FDA considers an independent body to monitor tobacco research

Thomson Reuters

By Jacob Hale Russell

(Reuters) – The Federal Drug Administration is considering a recommendation that an independent body should monitor some research put to the agency by tobacco companies, underscoring the growing concern about conflicts of interest in scientific research.

The recommendation was submitted by the Institute of Medicine, a scientific research organization that’s part of the National Academy of Sciences, and is based on its 2011 report. It suggests that any research provided to the FDA by manufacturers of so-called modified-risk tobacco products, which companies want to market as “less” risky, should be overseen by an independent body.

Under the Family Smoking Prevention and Tobacco Control Act of 2009, the FDA must consult with the Institute of Medicine on the regulation of these products. The law allows the FDA to approve them only if research demonstrates their health benefits.

Although it is far from certain the FDA would mandate the creation of an independent overseer, mostly because there is no consensus on how it would work, there are other possible courses of action.

The FDA might adopt informal guidance that would pressure the tobacco industry to voluntarily fund one or more independent oversight groups, said Daniel Carpenter, a Harvard government professor who was on the committee that authored the 2011 report.

“(Tobacco has) basically competed on price and a whole bunch of other things, not legitimacy grounds,” said Carpenter, drawing a comparison to pharmaceutical regulation, where drugmakers compete with each other to produce trustworthy research.

“One productive thing that might come out of this is to incentivize a degree of credibility competition among tobacco companies,” he said.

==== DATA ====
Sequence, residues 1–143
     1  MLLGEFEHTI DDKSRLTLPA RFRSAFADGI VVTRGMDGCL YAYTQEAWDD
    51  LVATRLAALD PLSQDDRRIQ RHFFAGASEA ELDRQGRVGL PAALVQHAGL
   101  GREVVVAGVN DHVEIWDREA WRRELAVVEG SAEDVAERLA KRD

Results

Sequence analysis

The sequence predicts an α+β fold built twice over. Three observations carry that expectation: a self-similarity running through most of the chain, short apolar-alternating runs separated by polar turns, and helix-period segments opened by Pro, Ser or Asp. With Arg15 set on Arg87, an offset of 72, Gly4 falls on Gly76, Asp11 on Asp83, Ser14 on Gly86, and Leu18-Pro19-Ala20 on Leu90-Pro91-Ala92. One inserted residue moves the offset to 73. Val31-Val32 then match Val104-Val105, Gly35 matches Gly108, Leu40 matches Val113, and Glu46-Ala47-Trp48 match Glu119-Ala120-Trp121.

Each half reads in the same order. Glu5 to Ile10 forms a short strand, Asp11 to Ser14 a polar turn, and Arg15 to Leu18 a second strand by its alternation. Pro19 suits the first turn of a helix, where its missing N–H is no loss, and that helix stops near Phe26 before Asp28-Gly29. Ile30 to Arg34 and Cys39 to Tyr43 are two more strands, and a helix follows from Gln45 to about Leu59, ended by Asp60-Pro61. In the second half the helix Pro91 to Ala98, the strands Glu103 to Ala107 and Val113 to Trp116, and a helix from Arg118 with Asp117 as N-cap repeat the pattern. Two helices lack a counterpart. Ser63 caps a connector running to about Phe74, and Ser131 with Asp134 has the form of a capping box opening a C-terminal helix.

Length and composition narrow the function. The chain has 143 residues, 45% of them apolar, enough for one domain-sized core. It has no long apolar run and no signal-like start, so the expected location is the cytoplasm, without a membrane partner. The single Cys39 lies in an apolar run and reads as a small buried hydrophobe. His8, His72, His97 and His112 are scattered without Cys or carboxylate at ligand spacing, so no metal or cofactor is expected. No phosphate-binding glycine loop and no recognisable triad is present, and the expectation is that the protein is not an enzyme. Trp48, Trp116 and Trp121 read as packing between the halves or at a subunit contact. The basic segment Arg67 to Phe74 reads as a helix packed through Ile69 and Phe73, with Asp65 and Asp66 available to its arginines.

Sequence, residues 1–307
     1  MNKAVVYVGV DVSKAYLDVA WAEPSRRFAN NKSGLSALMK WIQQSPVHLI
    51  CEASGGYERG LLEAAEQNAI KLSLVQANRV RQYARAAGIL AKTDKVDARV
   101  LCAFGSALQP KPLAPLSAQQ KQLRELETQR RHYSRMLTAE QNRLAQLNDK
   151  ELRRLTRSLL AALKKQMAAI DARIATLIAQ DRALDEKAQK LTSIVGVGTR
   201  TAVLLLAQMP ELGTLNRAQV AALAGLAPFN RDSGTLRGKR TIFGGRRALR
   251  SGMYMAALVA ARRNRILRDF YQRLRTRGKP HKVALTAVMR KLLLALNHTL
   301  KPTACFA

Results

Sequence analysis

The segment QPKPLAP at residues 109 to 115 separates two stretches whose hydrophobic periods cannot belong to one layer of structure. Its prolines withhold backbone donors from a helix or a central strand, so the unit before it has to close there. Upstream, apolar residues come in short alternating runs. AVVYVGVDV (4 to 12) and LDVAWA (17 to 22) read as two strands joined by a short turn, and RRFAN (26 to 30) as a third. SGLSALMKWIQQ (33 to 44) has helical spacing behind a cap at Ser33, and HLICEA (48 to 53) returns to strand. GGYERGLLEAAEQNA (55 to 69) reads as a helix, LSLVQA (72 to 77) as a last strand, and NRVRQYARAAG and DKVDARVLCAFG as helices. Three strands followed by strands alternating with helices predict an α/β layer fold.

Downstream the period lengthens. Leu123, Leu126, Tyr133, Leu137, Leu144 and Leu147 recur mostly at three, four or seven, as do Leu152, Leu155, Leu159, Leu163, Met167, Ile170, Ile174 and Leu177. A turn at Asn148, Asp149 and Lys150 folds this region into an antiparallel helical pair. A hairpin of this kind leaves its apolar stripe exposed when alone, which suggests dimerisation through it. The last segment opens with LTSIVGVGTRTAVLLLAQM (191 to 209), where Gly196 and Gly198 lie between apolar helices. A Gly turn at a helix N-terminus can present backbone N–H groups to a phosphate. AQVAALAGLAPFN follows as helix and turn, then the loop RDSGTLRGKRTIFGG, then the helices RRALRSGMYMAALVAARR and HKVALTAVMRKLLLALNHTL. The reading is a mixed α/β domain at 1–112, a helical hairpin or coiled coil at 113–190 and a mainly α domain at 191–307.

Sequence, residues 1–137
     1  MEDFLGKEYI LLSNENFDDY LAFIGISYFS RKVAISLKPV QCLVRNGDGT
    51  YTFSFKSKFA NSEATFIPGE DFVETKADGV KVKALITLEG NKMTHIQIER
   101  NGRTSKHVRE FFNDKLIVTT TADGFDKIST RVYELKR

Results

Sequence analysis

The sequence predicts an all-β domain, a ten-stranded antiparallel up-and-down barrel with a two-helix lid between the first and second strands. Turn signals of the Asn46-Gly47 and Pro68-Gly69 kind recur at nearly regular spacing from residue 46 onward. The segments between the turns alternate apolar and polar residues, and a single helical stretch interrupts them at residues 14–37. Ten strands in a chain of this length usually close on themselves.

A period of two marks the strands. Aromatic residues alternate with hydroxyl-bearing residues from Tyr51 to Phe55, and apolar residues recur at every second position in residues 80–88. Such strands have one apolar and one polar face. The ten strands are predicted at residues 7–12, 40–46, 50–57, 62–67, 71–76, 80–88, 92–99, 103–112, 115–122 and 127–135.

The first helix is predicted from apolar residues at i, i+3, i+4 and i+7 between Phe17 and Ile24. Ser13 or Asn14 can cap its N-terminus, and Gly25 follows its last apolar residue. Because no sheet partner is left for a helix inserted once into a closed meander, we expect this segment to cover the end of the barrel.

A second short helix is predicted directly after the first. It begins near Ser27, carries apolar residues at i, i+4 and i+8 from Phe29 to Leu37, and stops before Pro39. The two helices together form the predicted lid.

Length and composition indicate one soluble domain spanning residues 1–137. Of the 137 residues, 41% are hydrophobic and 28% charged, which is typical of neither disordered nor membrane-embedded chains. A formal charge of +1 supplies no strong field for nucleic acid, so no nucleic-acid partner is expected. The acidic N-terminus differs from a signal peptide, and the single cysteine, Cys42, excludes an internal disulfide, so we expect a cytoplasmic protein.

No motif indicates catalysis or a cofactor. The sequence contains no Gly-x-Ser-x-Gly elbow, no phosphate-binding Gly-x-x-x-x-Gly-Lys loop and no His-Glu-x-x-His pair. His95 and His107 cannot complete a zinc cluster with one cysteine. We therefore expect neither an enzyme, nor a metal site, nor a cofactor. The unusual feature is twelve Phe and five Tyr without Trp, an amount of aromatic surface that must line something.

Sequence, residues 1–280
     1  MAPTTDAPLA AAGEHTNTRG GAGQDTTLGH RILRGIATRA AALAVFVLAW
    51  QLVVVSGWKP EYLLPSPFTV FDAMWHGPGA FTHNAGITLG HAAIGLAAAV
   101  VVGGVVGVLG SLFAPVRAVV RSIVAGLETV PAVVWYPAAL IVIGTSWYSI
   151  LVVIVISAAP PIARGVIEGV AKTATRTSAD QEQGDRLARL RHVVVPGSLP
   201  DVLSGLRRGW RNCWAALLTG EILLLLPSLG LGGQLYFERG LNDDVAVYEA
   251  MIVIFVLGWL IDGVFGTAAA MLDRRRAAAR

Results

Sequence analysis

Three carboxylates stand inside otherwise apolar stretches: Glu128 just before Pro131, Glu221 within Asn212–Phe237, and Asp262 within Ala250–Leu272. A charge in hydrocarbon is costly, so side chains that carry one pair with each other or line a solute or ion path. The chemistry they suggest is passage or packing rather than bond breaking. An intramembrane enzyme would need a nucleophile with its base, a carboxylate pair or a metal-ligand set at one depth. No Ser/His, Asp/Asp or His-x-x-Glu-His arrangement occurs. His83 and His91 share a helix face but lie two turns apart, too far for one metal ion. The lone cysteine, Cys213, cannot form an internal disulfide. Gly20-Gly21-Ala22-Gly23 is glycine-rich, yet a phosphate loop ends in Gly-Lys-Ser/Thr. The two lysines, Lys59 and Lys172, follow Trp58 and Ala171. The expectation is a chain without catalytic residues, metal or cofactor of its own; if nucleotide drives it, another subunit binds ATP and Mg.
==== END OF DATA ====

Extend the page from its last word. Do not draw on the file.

On March 19 and 20, the FDA held a workshop in Maryland, attended by industry and public-health researchers, to consider the institute’s proposal. Third parties, it said, should design and conduct research, oversee studies and distribute sponsor funds for research.

Such steps are necessary because of the tobacco industry’s “history of hiding and misrepresenting information about the risks of tobacco products” and lack of “expertise to produce the necessary range of credible and reliable data,” the proposal said.



Michael Ogden, senior director of regulatory oversight at RAI Services, a division of RJ Reynolds Tobacco, disagreed with the premise. “If you set up the proper conduct of studies, you should not mandate who can do those studies. You establish the quality and performance criteria, and any vendor who meets those criteria should be able to be used,” Ogden said during the conference.

The institute’s report cited one model of an independent research agency, the Health Effects Institute, a non-profit funded by the automobile industry and the federal government. That group, it said, has helped produce credible research in the controversial field of air pollution, but in a departure from the Institute of Medicine’s proposal, it does not release studies on specific products, only on general issues of public health and air quality.

In recent years, public-policy experts have expressed concern that some scientific researchers are compromised by financial incentives. For instance, medical journals have come under fire for insufficient disclosure of researchers’ investments in drug companies that hire them to conduct studies.

This problem is worse in the tobacco context because the government and public-health experts have lost trust in the tobacco industry, and few top universities accept funding from the sector to conduct research, said Carpenter.

If the FDA or the tobacco industry embraced the institute’s idea for third party oversight, the research would be separated from those who fund it.

To date, the FDA has sought to eliminate conflicts of interest in pharmaceutical research by requiring disclosure of financial incentives, though it’s unclear how, if at all, disclosure has affected the FDA’s approval process of pharmaceuticals, said Jeffrey Gibbs, a lawyer with Hyman, Phelps & McNamara who represents healthcare companies before the FDA.

“What the FDA does with these disclosures is unknown to industry and the outside world,” said Gibbs. It is unlikely that the FDA would change the structure by which pharmaceutical companies do research, he said.

But Scott Ballin, an attorney and health-policy consultant who presented at last week’s conference, argued that the FDA should treat all scientific research the same.

“We’re talking about setting standards and integrity that should be across-the-board, whether it’s tobacco, pharmaceuticals, medical devices, food companies or anybody else,” he said. “We shouldn’t be treating tobacco as so unique anymore, now that they’re under a regulatory authority.”


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